Canning Your Incandescent Bulbs

Winter is here. It’s cold, and you want to stay warm. So you reach to the thermostat and crank it up. But as the temperature continues to plummet, your heating bills are soaring. With energy costs on everyone’s mind, it is time to reconsider your approach to being energy efficient.

Here is your light bulb moment.

As of January 1, the manufacture and sale of incandescent light bulbs, specifically 40 and 60-watt bulbs, has been outlawed by the federal government because of their inefficiency. In case you aren’t up on your light bulb lingo, incandescent bulbs are the classic rounded bulbs that contain wire filaments (see the photo below).

Incandescent bulb

 

 What this means for you:

 Now that you can no longer buy incandescent light bulbs, you will have much more energy efficient options to look forward to such as halogen, CFL and LED bulbs.

These bulbs, however, will run at a slightly higher price point, anywhere from $13-$20 for a six-pack depending on where you shop and what brand you buy. However, these bulbs will last up to ten times as long incandescent bulbs and, ideally, will save you a significant amount of money on your energy bill.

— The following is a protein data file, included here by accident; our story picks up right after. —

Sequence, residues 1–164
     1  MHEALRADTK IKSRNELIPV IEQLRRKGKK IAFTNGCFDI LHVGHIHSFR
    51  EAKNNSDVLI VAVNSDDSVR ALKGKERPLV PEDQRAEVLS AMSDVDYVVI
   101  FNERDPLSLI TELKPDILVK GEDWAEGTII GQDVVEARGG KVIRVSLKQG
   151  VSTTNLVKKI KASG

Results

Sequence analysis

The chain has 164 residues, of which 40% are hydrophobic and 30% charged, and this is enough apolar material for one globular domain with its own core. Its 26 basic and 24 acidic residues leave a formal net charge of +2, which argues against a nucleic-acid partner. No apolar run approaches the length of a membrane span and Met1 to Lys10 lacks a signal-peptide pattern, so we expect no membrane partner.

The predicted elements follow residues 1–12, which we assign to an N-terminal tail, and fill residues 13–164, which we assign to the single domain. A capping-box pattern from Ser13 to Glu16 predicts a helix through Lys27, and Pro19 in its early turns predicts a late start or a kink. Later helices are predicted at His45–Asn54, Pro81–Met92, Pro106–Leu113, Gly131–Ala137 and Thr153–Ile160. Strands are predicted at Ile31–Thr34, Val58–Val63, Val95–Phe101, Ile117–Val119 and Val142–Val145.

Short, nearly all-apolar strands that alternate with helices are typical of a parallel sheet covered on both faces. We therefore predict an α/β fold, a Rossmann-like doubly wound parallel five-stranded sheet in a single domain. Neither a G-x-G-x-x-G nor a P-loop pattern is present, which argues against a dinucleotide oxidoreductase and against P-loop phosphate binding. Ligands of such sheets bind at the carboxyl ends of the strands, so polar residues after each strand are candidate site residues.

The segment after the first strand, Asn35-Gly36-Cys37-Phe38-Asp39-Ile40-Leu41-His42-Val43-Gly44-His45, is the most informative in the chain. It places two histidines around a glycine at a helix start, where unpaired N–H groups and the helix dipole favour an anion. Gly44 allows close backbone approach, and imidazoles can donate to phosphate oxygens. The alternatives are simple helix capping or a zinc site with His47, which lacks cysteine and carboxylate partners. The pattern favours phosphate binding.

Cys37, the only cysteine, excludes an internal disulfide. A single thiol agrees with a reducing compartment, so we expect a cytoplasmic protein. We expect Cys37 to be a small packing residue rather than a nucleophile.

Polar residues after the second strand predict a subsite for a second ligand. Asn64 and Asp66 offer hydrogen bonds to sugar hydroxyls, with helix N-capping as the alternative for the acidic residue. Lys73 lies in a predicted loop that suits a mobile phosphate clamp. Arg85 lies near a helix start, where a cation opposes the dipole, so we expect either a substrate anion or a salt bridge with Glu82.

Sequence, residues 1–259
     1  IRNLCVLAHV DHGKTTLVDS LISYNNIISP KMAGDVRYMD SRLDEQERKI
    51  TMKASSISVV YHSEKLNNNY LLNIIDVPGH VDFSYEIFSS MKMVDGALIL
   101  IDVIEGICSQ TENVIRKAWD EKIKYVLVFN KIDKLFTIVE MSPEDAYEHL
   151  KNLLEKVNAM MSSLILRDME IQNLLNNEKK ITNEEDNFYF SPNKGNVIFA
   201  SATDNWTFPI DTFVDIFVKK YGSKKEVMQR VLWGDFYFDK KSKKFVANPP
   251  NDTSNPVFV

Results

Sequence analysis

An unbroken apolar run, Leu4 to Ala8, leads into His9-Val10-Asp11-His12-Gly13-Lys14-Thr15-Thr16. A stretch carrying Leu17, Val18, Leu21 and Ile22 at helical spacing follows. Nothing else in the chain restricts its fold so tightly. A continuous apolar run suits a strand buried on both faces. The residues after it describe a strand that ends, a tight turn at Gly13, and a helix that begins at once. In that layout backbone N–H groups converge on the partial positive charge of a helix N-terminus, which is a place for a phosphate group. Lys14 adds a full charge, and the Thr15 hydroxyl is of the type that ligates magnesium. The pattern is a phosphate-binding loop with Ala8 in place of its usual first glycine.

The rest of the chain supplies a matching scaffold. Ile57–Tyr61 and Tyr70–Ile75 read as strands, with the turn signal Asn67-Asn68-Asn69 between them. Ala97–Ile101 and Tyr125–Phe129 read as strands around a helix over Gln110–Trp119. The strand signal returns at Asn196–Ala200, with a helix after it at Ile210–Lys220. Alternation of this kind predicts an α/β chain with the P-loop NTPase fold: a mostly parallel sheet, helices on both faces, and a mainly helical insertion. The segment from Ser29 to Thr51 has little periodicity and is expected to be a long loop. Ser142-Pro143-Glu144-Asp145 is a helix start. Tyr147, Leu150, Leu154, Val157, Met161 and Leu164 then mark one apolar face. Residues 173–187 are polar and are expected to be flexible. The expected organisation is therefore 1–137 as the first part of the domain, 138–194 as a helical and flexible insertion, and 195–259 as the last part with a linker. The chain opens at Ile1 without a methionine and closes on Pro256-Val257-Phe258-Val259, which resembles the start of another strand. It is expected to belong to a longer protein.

The EPA estimates that if a household were to switch to all CFL bulbs, they could save nearly $80 a year.

Some important tips

 It is important to note that you cannot recycle your old incandescent bulbs, and you must throw them out with waste. Put them in a box to prevent breakage, and kick them to the curb with the rest of your trash.

Halogen bulbs can also be thrown in the trash, but be careful. They contain a small amount halogen gas, so it is paramount to prevent them from breaking.

CFL’s and fluorescents, however, must be recycled. In fact, it is illegal to throw them in with waste. Be sure to check your local laws about disposal or recycling of these kinds of bulbs, and make sure to locate the nearest recycling center.

Maurice

Note: Maurice Forde is President of Forde Windows & Remodeling, a leading home remodeling contractor in Chicago.  To see a portfolio of the company’s remodeling projects, click here.  http://www.fordewindowsandremodeling.com/home-additions/

 

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